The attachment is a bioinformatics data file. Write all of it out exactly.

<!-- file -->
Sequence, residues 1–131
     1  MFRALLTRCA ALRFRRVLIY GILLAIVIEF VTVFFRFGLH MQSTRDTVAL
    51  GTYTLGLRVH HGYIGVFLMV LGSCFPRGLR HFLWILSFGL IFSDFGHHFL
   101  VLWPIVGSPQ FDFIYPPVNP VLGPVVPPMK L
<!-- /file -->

Sequence, residues 1–131
     1  MFRALLTRCA ALRFRRVLIY GILLAIVIEF VTVFFRFGLH MQSTRDTVAL
    51  GTYTLGLRVH HGYIGVFLMV LGSCFPRGLR HFLWILSFGL IFSDFGHHFL
   101  VLWPIVGSPQ FDFIYPPVNP VLGPVVPPMK L